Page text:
Jay Paterno: Latest Big Ten Additions Maryland and Rutgers Provide an Opportunity for New Season-Ending Rivalry
Thanksgiving is time to take stock and be thankful for the blessings of peace we enjoy at home in the United States. We gather our family and friends around to give thanks and pray. We are free to choose where and when we pray and who we pray to.
Amid our freedom and peace, we look across the globe and see Israel and Gaza on the brink of war. We do not go to sleep at night with the threat of rockets raining down on us.
But we also must remember we are still at war. There are men and women serving on the frontlines, but also remember it is not only the soldier who serves but also his or her family. To all who serve, thank you from a grateful nation, as well observe the traditions of this holiday.
Our peace at home enables the Thanksgiving tradition of football. We feast on the great college rivalries, a menu including Alabama-Auburn, Florida-Florida State, USC-Notre Dame and Ohio State-Michigan.
Through the early 1990s the season-ending rivalry game here was Penn State-Pitt. The intense bitterness took a backseat to no one.
In my lifetime, the Penn State-Pitt heyday was from 1973-86, when one team or both were highly ranked. During that 14-year stretch, Penn State won nine, Pitt won four and there was one tie. Every game was a war.
Penn State entered that game undefeated four times, while Pitt did so twice. In seven of those 14 years one or both of the teams were in the national championship hunt and three times one of the teams entered the game ranked No. 1. The teams won three national titles in that stretch.
The only time the undefeated team lost was a 48-14 Penn State win in 1981, but there were plenty of close calls. A 4th-and-1 Mike Guman touchdown run put Penn State ahead in 1978, and in 1976 Pitt was tied 7-7 at the half before shifting Tony Dorsett to fullback, where he ran wild for his only win in four years against Penn State.
That rivalry was the highlight of the college football season in Pennsylvania. When the games were at Pitt it meant Thanksgiving at my grandparents’ home in Latrobe, a small town in western Pennsylvania.
Each year we were there for Thanksgiving, my grandfather walked us through Latrobe’s Rolling Rock Brewery to see how it all operated. The men working had Pitt or Penn State stuff on and they’d yell in good nature to my grandfather.
But that rivalry is faded, and the recent conference realignment probably means it is forever lost to the sands of times. Penn State’s efforts lobbying on Pitt’s behalf fell on deaf ears. Now with the recent Big Ten(14) expansion adding Rutgers and Maryland, there is a lot of discussion about how this will all play out for Penn State.
The Big Ten should go to 20 teams (an even score). The conference can change the name to The Big Score. All kidding aside, the addition of two nearby teams provides an opportunity to get a season-ending game that is close by for Penn State.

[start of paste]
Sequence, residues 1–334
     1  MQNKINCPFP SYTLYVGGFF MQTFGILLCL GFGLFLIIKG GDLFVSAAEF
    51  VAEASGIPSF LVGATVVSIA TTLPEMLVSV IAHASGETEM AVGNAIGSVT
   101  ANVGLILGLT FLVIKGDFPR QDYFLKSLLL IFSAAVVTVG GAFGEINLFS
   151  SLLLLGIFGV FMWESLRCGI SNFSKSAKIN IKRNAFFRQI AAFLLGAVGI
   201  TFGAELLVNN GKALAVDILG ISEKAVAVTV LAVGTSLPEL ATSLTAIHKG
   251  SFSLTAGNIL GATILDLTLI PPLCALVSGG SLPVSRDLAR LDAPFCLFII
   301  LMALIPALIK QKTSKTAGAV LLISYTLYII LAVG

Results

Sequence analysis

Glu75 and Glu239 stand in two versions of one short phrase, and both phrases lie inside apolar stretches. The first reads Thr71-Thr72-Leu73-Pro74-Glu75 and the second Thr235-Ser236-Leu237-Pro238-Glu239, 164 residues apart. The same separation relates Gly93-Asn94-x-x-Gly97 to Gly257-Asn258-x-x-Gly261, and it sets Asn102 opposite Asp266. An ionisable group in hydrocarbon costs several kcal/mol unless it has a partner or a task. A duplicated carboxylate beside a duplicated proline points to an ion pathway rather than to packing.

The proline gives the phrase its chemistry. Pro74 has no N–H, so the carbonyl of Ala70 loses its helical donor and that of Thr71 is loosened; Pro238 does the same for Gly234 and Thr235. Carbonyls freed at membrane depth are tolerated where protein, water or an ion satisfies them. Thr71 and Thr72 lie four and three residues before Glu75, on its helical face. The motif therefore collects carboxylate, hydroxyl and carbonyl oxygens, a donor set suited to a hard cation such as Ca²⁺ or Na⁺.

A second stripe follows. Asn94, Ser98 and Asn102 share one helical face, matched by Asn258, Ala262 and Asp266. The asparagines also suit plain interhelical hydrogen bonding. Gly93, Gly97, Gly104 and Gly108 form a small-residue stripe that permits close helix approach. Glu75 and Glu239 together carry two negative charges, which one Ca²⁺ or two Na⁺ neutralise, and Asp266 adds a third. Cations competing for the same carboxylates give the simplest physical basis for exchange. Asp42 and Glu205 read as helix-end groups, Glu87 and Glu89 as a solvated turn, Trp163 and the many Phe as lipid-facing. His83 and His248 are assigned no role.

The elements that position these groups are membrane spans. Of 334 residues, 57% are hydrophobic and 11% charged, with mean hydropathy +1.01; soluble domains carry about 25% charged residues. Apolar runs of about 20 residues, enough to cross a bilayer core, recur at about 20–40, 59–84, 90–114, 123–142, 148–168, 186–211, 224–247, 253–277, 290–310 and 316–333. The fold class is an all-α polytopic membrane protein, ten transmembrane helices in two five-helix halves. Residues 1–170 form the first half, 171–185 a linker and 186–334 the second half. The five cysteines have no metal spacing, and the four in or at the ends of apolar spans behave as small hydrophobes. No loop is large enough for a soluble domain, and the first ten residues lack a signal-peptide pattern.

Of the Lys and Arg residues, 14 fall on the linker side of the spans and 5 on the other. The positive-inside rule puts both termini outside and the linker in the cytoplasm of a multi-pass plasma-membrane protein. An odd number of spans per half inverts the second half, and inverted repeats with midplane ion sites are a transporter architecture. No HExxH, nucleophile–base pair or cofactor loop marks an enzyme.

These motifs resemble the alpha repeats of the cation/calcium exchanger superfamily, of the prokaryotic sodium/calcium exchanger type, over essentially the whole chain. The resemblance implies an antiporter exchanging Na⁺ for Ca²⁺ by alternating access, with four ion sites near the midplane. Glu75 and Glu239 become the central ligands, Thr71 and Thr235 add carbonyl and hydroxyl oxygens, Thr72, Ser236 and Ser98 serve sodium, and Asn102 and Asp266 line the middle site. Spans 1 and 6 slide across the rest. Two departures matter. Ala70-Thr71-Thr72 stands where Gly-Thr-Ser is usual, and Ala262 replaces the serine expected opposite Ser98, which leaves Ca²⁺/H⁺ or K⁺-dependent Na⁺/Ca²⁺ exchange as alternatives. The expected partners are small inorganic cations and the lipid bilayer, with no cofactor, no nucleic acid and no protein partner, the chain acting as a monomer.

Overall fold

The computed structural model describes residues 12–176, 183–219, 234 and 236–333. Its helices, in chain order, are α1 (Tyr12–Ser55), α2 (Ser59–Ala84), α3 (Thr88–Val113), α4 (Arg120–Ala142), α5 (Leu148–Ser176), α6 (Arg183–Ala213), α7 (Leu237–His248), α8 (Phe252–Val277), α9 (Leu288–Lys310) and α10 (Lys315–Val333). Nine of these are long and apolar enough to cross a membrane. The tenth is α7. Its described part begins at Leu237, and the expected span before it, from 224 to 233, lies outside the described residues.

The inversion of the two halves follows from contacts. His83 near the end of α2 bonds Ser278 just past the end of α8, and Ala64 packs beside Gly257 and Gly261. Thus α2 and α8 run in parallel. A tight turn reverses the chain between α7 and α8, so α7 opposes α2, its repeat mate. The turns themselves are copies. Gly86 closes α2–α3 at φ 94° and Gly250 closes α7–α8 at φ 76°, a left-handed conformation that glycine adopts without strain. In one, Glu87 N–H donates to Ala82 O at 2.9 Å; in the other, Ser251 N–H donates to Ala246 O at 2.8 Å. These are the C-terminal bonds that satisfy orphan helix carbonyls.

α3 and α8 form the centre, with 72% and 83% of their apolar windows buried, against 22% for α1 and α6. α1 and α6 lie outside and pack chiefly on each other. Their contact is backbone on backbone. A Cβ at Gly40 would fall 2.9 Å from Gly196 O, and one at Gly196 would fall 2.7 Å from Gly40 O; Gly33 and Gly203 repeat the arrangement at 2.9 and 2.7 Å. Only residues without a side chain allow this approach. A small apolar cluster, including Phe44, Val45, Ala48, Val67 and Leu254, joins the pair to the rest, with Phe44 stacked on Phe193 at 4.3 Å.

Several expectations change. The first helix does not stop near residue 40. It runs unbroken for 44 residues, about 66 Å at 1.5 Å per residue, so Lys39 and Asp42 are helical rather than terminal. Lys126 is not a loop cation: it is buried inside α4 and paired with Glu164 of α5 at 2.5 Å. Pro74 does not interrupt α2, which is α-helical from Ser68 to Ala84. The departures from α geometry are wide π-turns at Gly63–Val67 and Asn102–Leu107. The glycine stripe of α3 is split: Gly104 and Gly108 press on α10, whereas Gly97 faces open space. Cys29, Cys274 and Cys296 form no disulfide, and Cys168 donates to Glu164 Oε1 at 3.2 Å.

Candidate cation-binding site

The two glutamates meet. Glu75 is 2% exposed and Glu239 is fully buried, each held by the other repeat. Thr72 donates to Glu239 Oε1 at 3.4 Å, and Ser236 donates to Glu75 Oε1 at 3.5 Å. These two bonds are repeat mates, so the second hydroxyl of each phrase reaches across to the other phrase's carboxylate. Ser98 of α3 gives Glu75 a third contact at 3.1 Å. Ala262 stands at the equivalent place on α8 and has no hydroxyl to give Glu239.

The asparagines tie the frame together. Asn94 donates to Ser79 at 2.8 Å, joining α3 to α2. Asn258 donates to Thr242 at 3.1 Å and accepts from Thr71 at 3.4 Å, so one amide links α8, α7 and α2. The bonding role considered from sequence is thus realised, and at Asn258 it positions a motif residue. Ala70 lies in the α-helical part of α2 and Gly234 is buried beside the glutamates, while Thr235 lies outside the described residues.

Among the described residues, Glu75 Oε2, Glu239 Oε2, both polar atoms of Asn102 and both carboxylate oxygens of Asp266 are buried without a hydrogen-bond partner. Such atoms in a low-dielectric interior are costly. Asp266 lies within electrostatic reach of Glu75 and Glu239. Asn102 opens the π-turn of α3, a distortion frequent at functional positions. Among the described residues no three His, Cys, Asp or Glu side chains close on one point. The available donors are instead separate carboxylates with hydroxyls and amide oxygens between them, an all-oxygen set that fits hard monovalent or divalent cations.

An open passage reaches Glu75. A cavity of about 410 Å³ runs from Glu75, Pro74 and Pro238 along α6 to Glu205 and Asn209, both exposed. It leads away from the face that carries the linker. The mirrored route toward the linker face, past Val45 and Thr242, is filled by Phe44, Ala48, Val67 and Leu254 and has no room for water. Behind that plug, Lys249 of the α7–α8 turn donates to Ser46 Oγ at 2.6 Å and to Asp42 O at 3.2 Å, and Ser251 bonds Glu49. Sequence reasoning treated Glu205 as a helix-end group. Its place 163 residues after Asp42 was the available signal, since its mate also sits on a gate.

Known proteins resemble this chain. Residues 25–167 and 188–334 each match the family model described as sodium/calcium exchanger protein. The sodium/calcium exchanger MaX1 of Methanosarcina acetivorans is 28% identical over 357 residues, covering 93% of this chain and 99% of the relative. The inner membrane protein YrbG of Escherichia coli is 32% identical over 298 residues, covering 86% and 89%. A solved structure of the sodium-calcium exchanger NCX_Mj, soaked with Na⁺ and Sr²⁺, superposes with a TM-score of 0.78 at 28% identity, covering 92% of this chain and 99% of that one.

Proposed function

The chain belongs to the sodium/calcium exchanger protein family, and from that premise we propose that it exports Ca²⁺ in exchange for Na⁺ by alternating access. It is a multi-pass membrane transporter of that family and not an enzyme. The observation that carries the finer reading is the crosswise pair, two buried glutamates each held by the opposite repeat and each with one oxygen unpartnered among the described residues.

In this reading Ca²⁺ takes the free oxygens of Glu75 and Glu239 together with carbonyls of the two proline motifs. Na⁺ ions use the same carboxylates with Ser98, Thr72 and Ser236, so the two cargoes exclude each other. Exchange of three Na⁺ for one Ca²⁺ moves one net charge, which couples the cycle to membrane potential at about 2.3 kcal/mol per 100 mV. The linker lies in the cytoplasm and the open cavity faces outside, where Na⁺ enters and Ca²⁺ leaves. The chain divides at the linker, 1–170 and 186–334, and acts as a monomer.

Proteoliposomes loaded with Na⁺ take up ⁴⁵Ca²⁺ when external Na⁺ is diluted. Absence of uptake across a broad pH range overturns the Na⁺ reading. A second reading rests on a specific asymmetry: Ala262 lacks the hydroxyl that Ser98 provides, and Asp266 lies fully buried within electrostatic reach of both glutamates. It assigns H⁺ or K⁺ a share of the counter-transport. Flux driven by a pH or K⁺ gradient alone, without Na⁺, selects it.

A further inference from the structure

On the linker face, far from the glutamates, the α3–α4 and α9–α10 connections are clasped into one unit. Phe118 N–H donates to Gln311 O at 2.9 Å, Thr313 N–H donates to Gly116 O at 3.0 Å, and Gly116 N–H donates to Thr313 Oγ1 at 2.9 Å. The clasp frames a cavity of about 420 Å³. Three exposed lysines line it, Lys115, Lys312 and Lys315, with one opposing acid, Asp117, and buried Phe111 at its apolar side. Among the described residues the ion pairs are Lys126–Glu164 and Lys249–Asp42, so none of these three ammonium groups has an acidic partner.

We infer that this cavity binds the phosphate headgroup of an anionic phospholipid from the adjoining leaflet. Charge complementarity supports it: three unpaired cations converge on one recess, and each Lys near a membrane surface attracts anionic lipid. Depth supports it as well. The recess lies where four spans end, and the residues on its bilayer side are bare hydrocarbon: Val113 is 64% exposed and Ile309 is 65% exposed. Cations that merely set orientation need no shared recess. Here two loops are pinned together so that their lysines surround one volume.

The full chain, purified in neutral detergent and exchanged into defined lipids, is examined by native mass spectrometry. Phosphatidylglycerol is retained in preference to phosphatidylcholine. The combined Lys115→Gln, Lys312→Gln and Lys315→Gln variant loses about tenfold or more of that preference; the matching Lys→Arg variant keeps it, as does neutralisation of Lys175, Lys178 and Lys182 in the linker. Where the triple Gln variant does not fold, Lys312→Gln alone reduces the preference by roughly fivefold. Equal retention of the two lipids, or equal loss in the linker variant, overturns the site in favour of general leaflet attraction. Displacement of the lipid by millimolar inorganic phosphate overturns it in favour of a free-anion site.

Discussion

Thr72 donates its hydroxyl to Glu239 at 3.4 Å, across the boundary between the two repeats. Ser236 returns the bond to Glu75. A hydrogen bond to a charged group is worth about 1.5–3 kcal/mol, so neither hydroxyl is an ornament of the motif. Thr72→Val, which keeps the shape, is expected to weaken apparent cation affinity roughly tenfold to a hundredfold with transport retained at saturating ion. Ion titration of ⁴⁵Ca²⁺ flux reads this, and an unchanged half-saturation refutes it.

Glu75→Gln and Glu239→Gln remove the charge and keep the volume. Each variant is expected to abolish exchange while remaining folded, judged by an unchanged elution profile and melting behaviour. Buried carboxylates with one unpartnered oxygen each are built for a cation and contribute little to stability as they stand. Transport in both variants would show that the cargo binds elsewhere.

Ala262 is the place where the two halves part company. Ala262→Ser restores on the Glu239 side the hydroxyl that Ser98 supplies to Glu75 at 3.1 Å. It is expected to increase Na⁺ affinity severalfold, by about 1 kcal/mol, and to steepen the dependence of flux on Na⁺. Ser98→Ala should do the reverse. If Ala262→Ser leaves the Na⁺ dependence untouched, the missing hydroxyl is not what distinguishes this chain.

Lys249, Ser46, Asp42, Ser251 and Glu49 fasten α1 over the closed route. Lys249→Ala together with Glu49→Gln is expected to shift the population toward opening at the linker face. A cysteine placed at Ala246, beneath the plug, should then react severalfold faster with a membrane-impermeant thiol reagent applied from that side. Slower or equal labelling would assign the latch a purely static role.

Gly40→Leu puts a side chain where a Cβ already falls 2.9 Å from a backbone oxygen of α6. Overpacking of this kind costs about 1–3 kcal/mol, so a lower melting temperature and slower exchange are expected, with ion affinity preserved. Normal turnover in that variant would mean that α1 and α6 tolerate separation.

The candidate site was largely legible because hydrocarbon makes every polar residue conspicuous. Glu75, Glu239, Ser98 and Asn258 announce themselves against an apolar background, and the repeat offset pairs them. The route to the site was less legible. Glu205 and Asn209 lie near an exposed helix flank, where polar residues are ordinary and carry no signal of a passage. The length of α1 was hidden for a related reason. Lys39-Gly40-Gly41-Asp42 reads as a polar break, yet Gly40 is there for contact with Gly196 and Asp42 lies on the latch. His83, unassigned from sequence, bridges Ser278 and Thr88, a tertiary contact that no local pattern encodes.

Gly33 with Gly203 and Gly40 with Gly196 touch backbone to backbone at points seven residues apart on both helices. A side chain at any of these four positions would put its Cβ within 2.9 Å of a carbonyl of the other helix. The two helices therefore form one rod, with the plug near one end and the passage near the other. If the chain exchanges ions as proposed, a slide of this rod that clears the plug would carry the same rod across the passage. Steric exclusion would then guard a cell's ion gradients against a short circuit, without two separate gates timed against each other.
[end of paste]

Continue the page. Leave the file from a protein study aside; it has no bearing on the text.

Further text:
From 1993 through 2010, after years of Penn State-Pitt, the season-ending game was against Michigan State. In the years 2005-10, the rivalry was building, and in three of those six seasons, the Big Ten Title was on the line.
Then Nebraska joined the conference and the season-ending game shifted to Wisconsin. It’s a great matchup but a long road trip. It lacks the proximity that sparks intense dislike that makes a rivalry great. Remember, familiarity breeds contempt.
Future Big Ten foes Maryland and Rutgers represent an opportunity to build a season-ending rivalry with a nearby team and where there is some history. From 1966 through today, Penn State had the upper hand in games against Maryland (24-0-1) and Rutgers (16-1). (By comparison Penn State was 23-7-1 against Pitt during that stretch)
In college rivalries, geographic proximity makes it a year-round battle. Penn State and Pitt battled on the field and battled in the same recruiting areas for every player. Players on both teams were high school teammates or rivals. That familiarity adds to the players' intensity. Those factors will be in play against both Rutgers and Maryland.
New Jersey, Maryland and D.C. have been important recruiting areas for Penn State football for decades. That will not change, but now with Big Ten schools in those states, the recruiting will be more intense.
There are also a ton of Penn Staters in the D.C. metro area and in the New York/New Jersey area, so there will be plenty of the inter-mingling and living amongst each other that creates intensity for those rivalries.
The question for the conference is what they do with division assignments and who will Penn State get to close the season against every year. The question for Penn State fans is where you want to visit every other year for Thanksgiving weekend; metro Washington D.C or metro New York City/ North Jersey?